Traveling isn't easy when you're in your 90s, but some survivors of Pearl Harbor say they will gather in Lexington once more on Friday to mark the 71st anniversary of the attack that drew America into World War II.
Vaughn Drake of Lexington and Jon Toy of Mount Sterling, both 94, said they'll attend the Pearl Harbor Commemorative Association's annual Pearl Harbor Day luncheon Friday, and they expect that fellow survivor Herman Horn, 92, of Frankfort will be there too.
Friday's luncheon will include ceremonies to honor Pearl Harbor survivors and others who served during World War II.
The keynote speaker will be historian Thomas R. Emerson, a former assistant Kentucky attorney general.
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Gov. Steve Beshear has issued a proclamation designating Dec. 7, 2012, as Pearl Harbor Remembrance Day in Kentucky.
The commemorative buffet luncheon in Lexington will be held at noon Friday at the Oleika Shrine Temple, 326 Southland Drive.
Drake, Horn and Toy were young men when Japanese planes swooped down over Pearl Harbor, on the island of Oahu in Hawaii, on the fateful morning of Dec. 7, 1941. Now, they are among a dwindling few witnesses of that history-making moment who are alive to tell younger generations about it.
Drake said he apparently is the last Pearl Harbor survivor living in Lexington.
Toy, who heads the Kentucky Chapter of the Pearl Harbor Survivors Association, said there are only 10 survivors on the chapter's membership list. There were 15 a year ago.
"There are a few others still out there that we don't know about because they never joined the chapter," Toy said. "But a lot of us have gone. We're becoming part of history."
Toy said the chapter once had more than 150 members. Chapter members continue to meet each year in the spring and fall, but it's becoming more and more difficult for them to travel, he said.
The national Pearl Harbor Survivors Association disbanded on Dec. 31, 2011, after the 70th Pearl Harbor anniversary observance. Association officials said members simply were too old and too few to continue. Local chapters, such as the one in Kentucky, are free to carry on as long as they have members, but without the support of a national organization.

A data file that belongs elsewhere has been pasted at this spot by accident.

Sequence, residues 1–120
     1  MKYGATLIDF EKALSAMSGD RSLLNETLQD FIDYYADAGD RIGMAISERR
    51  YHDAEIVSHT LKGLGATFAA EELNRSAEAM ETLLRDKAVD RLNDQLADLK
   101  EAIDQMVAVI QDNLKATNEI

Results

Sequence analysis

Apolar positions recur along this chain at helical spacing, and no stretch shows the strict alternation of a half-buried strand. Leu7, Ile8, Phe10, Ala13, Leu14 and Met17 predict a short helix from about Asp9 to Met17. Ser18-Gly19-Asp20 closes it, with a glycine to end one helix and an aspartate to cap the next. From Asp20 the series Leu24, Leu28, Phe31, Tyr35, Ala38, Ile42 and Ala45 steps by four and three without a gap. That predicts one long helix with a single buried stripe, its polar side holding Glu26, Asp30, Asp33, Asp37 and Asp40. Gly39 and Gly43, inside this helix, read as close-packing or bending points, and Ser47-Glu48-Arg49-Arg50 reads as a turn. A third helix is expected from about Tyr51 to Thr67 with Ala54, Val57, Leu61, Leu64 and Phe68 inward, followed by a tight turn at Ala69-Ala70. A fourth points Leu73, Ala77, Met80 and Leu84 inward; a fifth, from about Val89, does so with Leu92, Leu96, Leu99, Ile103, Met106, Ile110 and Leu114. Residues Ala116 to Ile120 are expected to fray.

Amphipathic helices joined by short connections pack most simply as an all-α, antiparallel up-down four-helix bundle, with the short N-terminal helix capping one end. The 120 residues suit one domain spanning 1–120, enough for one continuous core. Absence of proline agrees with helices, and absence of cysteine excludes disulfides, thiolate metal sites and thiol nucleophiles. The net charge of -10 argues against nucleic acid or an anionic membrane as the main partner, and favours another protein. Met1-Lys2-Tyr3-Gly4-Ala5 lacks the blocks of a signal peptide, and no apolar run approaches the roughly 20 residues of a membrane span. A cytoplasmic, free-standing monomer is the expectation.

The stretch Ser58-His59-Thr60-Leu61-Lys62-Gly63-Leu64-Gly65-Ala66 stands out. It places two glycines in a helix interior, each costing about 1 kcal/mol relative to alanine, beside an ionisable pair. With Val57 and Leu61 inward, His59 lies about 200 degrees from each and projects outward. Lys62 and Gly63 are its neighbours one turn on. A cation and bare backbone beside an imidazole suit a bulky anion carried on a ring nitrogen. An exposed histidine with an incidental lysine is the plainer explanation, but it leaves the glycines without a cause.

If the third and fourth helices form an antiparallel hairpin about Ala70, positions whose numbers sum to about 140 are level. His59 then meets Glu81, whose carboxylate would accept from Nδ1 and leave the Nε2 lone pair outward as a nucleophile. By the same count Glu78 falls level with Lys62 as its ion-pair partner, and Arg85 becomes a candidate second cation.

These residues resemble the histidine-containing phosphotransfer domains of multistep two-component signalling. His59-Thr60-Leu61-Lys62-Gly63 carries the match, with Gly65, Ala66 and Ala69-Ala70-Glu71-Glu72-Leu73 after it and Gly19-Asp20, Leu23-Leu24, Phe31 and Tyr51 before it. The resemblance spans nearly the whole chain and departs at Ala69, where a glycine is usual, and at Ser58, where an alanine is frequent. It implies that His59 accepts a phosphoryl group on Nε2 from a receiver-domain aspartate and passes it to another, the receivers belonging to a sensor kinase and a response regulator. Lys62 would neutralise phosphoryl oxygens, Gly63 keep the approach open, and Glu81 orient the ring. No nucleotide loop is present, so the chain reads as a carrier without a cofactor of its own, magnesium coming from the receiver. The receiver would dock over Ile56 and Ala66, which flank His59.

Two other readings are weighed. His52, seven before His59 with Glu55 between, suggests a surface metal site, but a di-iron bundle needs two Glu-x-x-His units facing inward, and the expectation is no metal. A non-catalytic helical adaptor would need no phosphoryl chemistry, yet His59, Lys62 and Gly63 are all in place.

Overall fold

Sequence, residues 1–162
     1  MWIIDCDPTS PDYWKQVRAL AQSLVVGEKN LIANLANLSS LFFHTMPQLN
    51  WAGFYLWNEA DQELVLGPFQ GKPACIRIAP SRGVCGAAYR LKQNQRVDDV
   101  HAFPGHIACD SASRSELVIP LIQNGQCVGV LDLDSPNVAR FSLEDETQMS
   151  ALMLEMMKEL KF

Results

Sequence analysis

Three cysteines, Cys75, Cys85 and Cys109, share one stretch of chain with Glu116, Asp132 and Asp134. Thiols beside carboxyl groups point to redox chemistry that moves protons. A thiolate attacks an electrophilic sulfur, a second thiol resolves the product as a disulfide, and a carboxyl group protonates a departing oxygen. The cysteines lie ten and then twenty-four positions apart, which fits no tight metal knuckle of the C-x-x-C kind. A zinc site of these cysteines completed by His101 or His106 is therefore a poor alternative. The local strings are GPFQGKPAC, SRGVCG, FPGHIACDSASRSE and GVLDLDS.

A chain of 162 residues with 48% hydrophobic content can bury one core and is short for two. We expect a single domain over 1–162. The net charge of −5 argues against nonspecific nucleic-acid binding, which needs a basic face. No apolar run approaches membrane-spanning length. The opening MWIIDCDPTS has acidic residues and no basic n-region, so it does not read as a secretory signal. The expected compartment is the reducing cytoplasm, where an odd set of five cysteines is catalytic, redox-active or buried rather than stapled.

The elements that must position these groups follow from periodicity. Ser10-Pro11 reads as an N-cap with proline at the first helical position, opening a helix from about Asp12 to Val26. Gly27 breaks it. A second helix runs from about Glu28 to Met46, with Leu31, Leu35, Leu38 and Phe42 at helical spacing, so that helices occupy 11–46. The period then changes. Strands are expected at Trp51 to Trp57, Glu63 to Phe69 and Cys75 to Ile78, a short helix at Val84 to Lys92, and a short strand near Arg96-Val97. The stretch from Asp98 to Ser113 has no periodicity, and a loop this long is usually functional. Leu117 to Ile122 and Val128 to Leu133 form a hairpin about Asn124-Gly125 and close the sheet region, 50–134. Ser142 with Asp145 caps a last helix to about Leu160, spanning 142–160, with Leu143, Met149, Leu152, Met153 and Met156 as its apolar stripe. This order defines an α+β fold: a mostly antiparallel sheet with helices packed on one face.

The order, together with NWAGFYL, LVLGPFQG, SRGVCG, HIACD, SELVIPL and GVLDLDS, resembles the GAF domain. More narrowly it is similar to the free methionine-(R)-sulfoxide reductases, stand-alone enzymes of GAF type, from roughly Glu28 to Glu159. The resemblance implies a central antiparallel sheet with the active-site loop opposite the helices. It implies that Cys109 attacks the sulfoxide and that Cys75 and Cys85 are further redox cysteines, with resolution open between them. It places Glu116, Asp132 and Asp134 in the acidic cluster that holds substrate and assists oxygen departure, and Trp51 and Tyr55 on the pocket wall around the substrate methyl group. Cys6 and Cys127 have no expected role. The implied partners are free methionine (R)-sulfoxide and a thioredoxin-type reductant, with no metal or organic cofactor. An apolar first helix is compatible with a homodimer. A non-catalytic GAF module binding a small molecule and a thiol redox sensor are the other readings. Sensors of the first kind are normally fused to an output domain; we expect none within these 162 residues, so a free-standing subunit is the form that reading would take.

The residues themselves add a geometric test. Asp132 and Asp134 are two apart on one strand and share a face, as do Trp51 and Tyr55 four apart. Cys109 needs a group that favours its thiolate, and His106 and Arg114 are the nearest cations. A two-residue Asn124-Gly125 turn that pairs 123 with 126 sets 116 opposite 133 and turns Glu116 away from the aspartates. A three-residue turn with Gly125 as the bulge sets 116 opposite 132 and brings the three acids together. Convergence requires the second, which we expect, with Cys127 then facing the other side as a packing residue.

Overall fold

Eventually, Toy said, it will be up to the sons and daughters of survivors to carry on.
Vaughn Drake was a U.S. Army engineer at a camp on Oahu when the Japanese attacked 71 years ago Friday. One enemy plane, hit by gunfire, crashed near where Drake was standing, and he later recovered a small piece of the wreckage, which he still has.
"We couldn't believe it, even though it was happening right in front of our eyes," Drake said in a 1991 interview.
Horn and some other soldiers jumped into a truck that morning and headed for a distant anti-aircraft battery, planning to use its gun against the attacking planes. On the way, they had to stop repeatedly and take cover when Japanese fighters strafed them.
"We didn't fire one shot. ... We were very, very lucky," Horn said in an interview a few years ago.
Almost 7 decades after war, veteran finally gets his due
It took almost 70 years, but James Woodrow Cotton finally has the medals he earned in World War II.
Cotton, 97, was presented with his medals recently during a ceremony at Morning Pointe, a senior living facility in Richmond where he is a resident.
Cotton, known as "Woody," spent four years with the U.S. Army in the Pacific during World War II, serving in the Western Pacific, the Ryukyu Islands and the Eastern Mandates, which also were known as the Marshall Islands.
He was presented several medals, including the Honorable Service World War II Lapel Button; American Defense Service Medal; Army Good Conduct Service Medal; World War II Victory Medal; and the Certificate of Recognition for Military Service from Secretary of Defense Robert Gates.
Robert Yerks, a retired three-star general, presented the medals to Cotton, who said he was "so proud" to receive them.
"We are all so proud and happy for him," Cotton's daughter Nancy said. "He deserves to be recognized for his dedication and service to his country."
Nancy Cotton worked to secure the medals, which her father should have received when he left the service.